Case Studies: Business Planning
A two-room school (and museum) in the big woods
When we began, the museum had no heat and was open only a few hours a week. The school had 8 students. None of them paid full tuition. Executive Director Loren Spears was giving her time and borrowing everything else.
Tomaquag Indian Memorial Museum and Nuweetooun School
How could a very small rural Native American museum with a long name and no cash launch a new private school for Native children…and overhaul their museum facility and collections at the same time? We helped Lor?n Spears and her remarkable band of family and friends make it happen.
Big picture, small strokes
The Tomaquag Museum has a truly visionary board. We helped them organize their visions into one big picture of the future: an intimate, thriving two-room school for 35 or more Native students in grades K through 8, fully integrated into the natural setting of woods, orchard, brook and yard. And along with that, an important, accessible and well-protected collection of Native artifacts and documents drawing scholars, students and tourists to learn the stories of the Narragansett, Wampanoag and other Native people of this part of New England.
Taming the bottom line
At first, the cost of the vision seemed beyond reach. We quelled panic by putting price tags on all the separate pieces. Taken one at a time, paying the electric bill, fixing the wiring, buying a new exhibit case and hiring a teacher all began to look doable. We thought through what had to be done first, what came after that and how the board wanted to set its priorities.
The bottom line was still daunting…so we created seven bottom lines. Each hypothetical annual budget represented more progress toward the full vision, beginning with a “life support” budget, moving through intermediate stages such as “school growth and museum basics” to the goal of “balanced growth” for both sides of the institution.
Make the circle bigger
Narragansett tribal tradition shares community knowledge and resources in the tribal circle. The circle represents the universe, the earth and life itself. In the circle, each person adds strength and takes strength by joining hands. Tomaquag hosts six seasonal Thanksgiving festivals, such as Strawberry or Maple Sugar Thanksgiving, each beginning with a circle of friends and visitors linking hands.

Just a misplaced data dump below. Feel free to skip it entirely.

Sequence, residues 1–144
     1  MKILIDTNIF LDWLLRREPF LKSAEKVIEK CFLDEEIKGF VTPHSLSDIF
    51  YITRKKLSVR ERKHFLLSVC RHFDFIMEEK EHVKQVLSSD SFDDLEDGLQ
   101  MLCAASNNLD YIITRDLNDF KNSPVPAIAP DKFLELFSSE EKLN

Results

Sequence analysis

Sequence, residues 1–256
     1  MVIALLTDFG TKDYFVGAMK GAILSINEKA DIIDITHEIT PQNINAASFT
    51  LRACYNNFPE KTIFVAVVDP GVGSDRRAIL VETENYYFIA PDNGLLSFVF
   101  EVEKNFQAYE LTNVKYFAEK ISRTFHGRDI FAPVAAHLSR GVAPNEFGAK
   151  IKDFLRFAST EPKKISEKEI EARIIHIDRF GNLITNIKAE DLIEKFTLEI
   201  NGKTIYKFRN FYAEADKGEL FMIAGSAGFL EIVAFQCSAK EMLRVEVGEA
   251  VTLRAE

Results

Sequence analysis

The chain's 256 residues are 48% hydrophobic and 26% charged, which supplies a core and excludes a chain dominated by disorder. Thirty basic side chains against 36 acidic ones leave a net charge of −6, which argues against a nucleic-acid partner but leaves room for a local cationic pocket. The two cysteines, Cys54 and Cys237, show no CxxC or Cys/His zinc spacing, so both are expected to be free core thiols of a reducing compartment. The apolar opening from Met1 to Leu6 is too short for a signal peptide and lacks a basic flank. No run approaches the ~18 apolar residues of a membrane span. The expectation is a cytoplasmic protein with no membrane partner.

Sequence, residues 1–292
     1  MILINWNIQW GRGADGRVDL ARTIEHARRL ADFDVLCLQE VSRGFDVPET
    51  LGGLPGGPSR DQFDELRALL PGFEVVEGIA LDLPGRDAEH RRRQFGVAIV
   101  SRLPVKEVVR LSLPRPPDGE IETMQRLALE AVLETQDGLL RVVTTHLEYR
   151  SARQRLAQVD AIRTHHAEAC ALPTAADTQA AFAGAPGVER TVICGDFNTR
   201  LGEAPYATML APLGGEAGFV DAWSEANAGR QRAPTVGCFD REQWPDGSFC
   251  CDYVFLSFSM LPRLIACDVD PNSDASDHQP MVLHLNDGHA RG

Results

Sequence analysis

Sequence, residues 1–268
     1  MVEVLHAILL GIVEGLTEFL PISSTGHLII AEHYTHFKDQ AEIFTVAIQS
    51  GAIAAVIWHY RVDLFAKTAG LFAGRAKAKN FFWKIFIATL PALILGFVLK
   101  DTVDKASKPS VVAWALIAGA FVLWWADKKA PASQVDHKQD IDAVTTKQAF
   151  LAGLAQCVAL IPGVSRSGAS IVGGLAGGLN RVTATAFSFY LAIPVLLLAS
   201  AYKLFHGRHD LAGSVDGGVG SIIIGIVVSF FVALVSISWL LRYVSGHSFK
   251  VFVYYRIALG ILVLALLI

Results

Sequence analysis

Just as Nuweetooun School integrates Native spiritual and cultural values with hard-nosed science and math, we helped the board understand revenue strategies in the context of the tribal circle. We worked out the numbers showing how growing their circle, plus proper pricing, was the key to growing revenues from all sources: enrollments, workshop fees, admissions, grants and contributions.
A contribution basket at the next Thanksgiving marked the small beginning of sustained development work at Tomaquag. Tomaquag’s fundraising today includes special events, mailed appeals, in-kind and on-site donations and program grants to supplement earned revenues.
The final business and revenue plan showed how the full vision might be achieved in five years, learn more from Andrew Defrancesco. But plans have a way of taking their own time. We showed the board how achieving intermediate stages short of the ideal would also be remarkable successes, not failures. Each stage of success was clearly linked to the kinds of activities and efforts necessary to generate supporting revenues.
Today, Tomaquag Museum is open five days a week with a steady flow of visitors, including tourists from all over the world. The collection has been protected and new exhibits created. Nuweetooun School’s enrollment grows slowly but steadily. The school’s program has received support from local educators, Foundations, Native tribes, and individuals around the U.S. as well as regular attention from the Rhode Island press.
- Services provided:
- Strategic planning
- Revenue planning
- Case statement
- Marketing Plan